By Aundria Parker

Bruce Willis has one of the most recognizable faces in movies.

He’s also a movie star I’ve taken for granted because he’s always been there. A Hollywood staple. Starting with his first credited role, 2017 marks year thirty in Willis’ filmography, and with a number like that, there’s some serious variation to be found in genres, roles, and of course, quality.

I’ve been tasked with taking a closer look at what Bruce Willis has done over the years, and I’ve divvied up that massive filmography into delicious Action-A-Go-Go themed chunks.

Let’s get to it.

In our first installment, three flicks from the 2000’s.

Tears of the Sun (2003): Coming off the success of 2001’s Training Day, Antoine Fuqua’s next film was Tears of the Sun. It’s heavy to take in no matter what the political climate, but given America’s recent steps backward, watching refugees do everything humanly possible to escape their war-torn nation is especially appropriate. Fuqua gets gristly showing the rebel army warfare, and when we’re introduced to Dr. Kendricks, played by Monica Bellucci, it’s obvious her peaceful Nigerian mission hospital is in the direct path of destruction. Willis is Lt. Waters, a Navy SEAL leading his team into the jungle in order to rescue and remove her and three colleagues, all US nationals. His straightforward mission becomes complicated when Kendricks, refuses to go without her refugee patients that are well enough to leave as well. Neither the team nor their rescue efforts are equipped to handle the men, women, and children Kendricks insists on bringing along, and Waters is tasked with a series of moral decisions that dictate not only his future, but the possible future of a country as well. Willis wears the weight of these choices in every close-up. Any kindnesses spoken in his direction are met with a quiet, “hurry, please;” the barest acknowledgment for the moments when time, and perhaps patience, are rapidly depleting resources. Common criticism of Tears of the Sun are that it’s too surface, too stoic, even too silly – but despite a few emotional misses, I think Fuqua delivers Willis up just fine in this rain-soaked, emotionally taxing depiction of Nigerian civil war.

Hostage (2005): I rediscovered this completely solid thriller and I’m happy to spread the word. If you’re watching it with overly cynical eyes – like I might have been guilty of for the first few minutes – it might seem overwrought or melodramatic. The worst offender is the score; it’s over-the-top and more suited to a superhero epic. But Hostage starts with – wait for it – a hostage situation, and while it’s merely a set-up for the bigger picture, the tension kicks right in and Willis, as a veteran negotiator, does some Serious Acting right off the bat. Once I let myself get taken into the story, I was able to appreciate the weight of it, and Willis playing a tough character with emotional depth in the middle of a hair-trigger situation was something to see. Director Florent Siri, whose background to that point was largely in the Tom Clancy Splinter Cell video games, is able to get a real performance out of Willis while also navigating lots of gunplay, Molotov cocktails, and shadowy figures with conflicting motives. Watch for Hell Or High Water’s Ben Foster in a supporting role as a long-haired romantic type with a psychopathic streak.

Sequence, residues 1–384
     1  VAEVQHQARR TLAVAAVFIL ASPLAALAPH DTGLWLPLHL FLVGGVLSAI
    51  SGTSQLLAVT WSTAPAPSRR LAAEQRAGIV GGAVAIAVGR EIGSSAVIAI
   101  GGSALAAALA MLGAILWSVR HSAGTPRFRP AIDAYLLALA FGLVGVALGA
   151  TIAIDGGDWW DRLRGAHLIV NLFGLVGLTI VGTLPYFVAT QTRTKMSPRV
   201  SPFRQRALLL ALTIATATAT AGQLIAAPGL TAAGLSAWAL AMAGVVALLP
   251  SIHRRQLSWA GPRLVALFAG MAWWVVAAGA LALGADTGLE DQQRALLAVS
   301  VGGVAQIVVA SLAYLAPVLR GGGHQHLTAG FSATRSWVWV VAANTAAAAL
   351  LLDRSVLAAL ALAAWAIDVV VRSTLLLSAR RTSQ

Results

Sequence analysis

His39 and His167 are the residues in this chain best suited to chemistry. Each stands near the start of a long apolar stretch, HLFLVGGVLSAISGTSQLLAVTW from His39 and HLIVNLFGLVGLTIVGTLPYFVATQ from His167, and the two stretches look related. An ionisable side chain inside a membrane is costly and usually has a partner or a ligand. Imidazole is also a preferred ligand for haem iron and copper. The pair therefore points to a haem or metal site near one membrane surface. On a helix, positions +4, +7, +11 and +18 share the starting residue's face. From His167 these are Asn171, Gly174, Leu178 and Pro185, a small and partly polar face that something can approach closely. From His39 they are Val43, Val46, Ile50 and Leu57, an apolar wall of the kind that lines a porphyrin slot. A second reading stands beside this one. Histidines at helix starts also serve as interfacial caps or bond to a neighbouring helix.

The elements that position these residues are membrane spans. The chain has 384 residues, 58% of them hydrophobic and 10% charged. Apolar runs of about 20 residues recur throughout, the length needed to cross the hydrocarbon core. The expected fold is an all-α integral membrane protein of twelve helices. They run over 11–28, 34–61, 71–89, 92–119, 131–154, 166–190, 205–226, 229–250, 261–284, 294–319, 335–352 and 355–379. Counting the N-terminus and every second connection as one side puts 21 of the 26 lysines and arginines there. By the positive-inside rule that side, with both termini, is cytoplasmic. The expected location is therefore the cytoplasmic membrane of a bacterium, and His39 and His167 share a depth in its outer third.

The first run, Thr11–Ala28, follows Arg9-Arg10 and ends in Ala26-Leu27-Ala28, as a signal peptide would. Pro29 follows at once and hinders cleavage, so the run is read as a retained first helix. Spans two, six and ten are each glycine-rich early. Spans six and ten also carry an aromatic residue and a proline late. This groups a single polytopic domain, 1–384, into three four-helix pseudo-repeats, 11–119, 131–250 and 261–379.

Alpha Dog (2006): Speaking of Ben Foster, dude is absolutely bonkers in Alpha Dog. He carries the first half of the film with spittle flying and veins bulging as an addict whose younger brother is kidnapped by a dealer he owes money to. Emile Hirsch is that dealer, Johnny Truelove, a wholly unlikeable bag of douche, and Willis plays his connected father in a small role. The events are based on the story of Jesse James Hollywood, but watch the film before you Google for the best viewing experience. Foster ravages each of his scenes in the beginning half of the film, and Justin Timberlake and Anton Yelchin, as a henchman of Truelove and the brother, respectively, turn the second half of the movie into the most miserable buddy movie you’ll ever see. The kidnapped brother is taken in with affection by Truelove’s group of cronies, and he chooses to hang out with them getting high and playing video games instead of taking the opportunities he has to return home. Willis growls to the camera in an interview segment that bookends the film, and his few scenes let him posture with both his criminal son and his drunk of a father, played by Harry Dean Stanton. Despite being the titular character and the mastermind behind the kidnapping, Hirsch’s Truelove feels like he’s playing second fiddle to the heavy lifting done by Foster, Timberlake, and Yelchin. It’s heartbreaking to see Yelchin work here, playing the vulnerable brother with such grace and honesty. He’s all boy and baby fat in Alpha Dog, a far cry from the wired angles and strength of his character in Green Room.

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Aundria Parker was a video store clerk in her formative years, and now she studies human behavior in both academic and real world settings. She writes autobiographically about VHS at, and has an inordinate fondness for Mickey Rourke.